News Release

Benghazi: Was the Consulate a CIA Front?

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CNN reports this morning: “House Republicans released a long-awaited report Tuesday on the Benghazi terror attacks that killed four Americans on Hillary Clinton’s watch as secretary of state, reviving the politically charged issue less than five months before the election.”

MELVIN GOODMAN, goody789[at]verizon.net
Goodman is director of the National Security Project at the Center for International Policy. He was an analyst at the CIA for 24 years, including as chief and senior analyst at the Office of Soviet Affairs for a decade. His books include Failure of Intelligence: The Decline and Fall of the CIA and National Insecurity: The Cost of American Militarism. His forthcoming book is Whistleblower at the CIA.

He said today: “This Benghazi report is of a continuing media circus that the Republicans have created. But we still have much to learn about the CIA’s role in Benghazi; the interest of Ambassador Stevens in Benghazi; and the communications between the White House and the CIA in trying to explain the events of that terrible night.”

Goodman wrote in 2012 for ConsortiumNews that: “The consulate was the diplomatic cover for an intelligence platform and whatever diplomatic functions took place in Benghazi also served as cover for an important CIA base.” See: “The Why Behind the Benghazi Attack.”

Goodman wrote the piece in 2013 “The Real Benghazi Scandal,” for CounterPunch, which states: “When congressional Republicans complete manipulating the Benghazi tragedy, it will be time for the virtually silent Senate intelligence committee to take up three major issues that have been largely ignored. The committee must investigate the fact that the U.S. presence in Benghazi was an intelligence platform and only nominally a consulate; the politicization by the White House and State Department of CIA analysis of the events in Benghazi; and the Obama administration’s politicization of the CIA’s Office of the Inspector General, which has virtually destroyed the office and deprived congressional intelligence committees of their most important oversight tool.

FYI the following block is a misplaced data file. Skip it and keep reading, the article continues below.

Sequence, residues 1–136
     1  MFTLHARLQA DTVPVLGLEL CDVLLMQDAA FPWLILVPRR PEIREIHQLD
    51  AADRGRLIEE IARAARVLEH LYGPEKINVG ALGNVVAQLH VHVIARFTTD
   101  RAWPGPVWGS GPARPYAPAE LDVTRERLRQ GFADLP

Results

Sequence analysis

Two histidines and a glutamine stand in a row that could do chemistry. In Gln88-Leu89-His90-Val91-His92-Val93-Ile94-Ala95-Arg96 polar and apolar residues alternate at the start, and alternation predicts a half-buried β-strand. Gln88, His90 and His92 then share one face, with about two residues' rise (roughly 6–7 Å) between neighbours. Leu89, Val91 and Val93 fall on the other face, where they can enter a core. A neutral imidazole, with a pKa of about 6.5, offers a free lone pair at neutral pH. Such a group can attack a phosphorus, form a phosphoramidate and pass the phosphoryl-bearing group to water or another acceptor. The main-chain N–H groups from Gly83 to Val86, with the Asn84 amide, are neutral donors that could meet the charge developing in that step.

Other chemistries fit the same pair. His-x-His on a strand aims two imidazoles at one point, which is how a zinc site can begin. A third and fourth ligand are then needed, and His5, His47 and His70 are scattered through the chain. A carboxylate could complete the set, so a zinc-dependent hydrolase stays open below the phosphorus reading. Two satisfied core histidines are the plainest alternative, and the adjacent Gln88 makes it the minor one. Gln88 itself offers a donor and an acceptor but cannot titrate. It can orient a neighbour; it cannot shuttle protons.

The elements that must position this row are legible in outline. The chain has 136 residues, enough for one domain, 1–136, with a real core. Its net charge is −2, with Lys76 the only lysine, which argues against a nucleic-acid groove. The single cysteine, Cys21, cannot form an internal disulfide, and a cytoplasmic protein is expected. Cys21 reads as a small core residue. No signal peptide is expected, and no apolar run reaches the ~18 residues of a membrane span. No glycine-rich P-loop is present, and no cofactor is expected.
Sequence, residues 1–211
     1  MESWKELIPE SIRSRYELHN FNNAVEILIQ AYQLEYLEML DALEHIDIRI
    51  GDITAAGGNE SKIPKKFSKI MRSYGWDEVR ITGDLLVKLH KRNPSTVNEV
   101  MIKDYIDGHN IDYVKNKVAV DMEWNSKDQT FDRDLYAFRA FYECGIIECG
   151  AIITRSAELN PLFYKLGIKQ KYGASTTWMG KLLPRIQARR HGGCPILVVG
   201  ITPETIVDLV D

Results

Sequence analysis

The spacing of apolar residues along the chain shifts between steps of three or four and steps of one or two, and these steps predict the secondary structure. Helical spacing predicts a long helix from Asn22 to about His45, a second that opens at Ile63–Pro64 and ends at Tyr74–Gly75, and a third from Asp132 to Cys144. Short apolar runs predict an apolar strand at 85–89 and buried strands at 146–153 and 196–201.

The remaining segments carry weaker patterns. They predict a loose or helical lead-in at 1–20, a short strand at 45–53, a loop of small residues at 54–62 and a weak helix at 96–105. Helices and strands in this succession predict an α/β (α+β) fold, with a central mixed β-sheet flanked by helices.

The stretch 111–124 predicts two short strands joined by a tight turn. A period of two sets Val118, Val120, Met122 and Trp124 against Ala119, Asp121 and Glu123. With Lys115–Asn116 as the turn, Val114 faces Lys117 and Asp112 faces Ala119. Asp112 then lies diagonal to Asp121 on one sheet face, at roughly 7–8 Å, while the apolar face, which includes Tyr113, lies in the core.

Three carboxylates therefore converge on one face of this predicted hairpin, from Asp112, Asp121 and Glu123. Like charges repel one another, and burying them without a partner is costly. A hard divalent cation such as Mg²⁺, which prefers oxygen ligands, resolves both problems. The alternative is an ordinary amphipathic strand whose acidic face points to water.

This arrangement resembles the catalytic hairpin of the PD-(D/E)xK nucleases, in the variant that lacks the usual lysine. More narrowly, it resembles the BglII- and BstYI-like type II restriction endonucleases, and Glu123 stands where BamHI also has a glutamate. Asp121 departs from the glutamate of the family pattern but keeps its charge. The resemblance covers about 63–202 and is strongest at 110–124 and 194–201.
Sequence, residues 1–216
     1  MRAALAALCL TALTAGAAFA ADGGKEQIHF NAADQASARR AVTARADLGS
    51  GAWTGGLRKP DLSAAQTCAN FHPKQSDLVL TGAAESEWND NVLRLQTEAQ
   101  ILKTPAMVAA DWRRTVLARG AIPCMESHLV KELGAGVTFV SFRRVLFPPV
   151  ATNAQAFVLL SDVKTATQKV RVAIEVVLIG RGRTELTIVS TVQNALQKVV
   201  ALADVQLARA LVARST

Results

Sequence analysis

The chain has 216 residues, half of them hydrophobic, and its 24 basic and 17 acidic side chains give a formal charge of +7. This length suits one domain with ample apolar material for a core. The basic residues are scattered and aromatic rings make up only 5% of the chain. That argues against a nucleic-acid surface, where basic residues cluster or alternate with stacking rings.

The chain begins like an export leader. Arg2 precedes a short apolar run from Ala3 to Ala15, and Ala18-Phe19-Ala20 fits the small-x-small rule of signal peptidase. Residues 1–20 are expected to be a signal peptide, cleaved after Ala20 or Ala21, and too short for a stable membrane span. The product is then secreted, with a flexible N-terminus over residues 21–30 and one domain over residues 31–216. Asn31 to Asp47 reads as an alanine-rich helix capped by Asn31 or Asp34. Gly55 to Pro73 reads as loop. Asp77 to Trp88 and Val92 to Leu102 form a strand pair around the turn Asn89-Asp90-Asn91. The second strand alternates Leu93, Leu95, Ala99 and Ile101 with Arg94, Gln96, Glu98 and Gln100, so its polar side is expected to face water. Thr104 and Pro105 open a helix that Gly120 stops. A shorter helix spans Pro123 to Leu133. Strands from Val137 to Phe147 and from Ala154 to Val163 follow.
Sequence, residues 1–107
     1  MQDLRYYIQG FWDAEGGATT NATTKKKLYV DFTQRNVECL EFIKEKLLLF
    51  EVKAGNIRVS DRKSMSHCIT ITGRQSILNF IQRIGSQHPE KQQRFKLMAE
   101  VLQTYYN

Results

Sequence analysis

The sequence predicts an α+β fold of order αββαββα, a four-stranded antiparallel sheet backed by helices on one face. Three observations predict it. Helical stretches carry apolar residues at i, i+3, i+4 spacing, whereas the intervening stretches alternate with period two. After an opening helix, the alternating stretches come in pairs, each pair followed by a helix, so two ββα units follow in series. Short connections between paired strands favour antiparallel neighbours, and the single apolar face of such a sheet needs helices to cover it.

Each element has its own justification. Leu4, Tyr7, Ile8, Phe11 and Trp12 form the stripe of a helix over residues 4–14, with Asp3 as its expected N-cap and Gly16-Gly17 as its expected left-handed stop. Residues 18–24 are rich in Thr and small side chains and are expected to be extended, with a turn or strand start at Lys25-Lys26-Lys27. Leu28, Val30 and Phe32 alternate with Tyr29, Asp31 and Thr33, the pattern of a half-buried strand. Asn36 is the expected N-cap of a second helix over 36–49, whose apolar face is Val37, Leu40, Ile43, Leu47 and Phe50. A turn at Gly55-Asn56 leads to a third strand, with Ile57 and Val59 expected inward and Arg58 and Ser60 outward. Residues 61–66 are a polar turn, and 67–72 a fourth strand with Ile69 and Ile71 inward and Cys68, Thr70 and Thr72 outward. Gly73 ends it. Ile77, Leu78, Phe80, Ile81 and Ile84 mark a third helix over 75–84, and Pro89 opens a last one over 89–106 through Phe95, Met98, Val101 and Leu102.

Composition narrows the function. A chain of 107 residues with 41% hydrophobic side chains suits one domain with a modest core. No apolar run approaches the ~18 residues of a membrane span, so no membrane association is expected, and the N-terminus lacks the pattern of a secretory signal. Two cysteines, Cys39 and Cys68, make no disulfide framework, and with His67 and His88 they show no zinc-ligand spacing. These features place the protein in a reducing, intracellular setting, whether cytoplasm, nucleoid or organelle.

“When U.S. personnel were airlifted from Benghazi the night of the attack, there were seven Foreign Service and State Department officers and 23 CIA officers onboard. This fact alone indicates that the consulate was primarily diplomatic cover for an intelligence operation that was known to Libyan militia groups. The CIA failed to provide adequate security for Benghazi, and its clumsy tradecraft contributed to the tragic failure. On the night of the attack, the small CIA security team in Benghazi was slow to respond, relying on an untested Libyan intelligence organization to maintain security for U.S. personnel. After the attack, the long delay in debriefing evacuated personnel contributed to the confusing assessments.”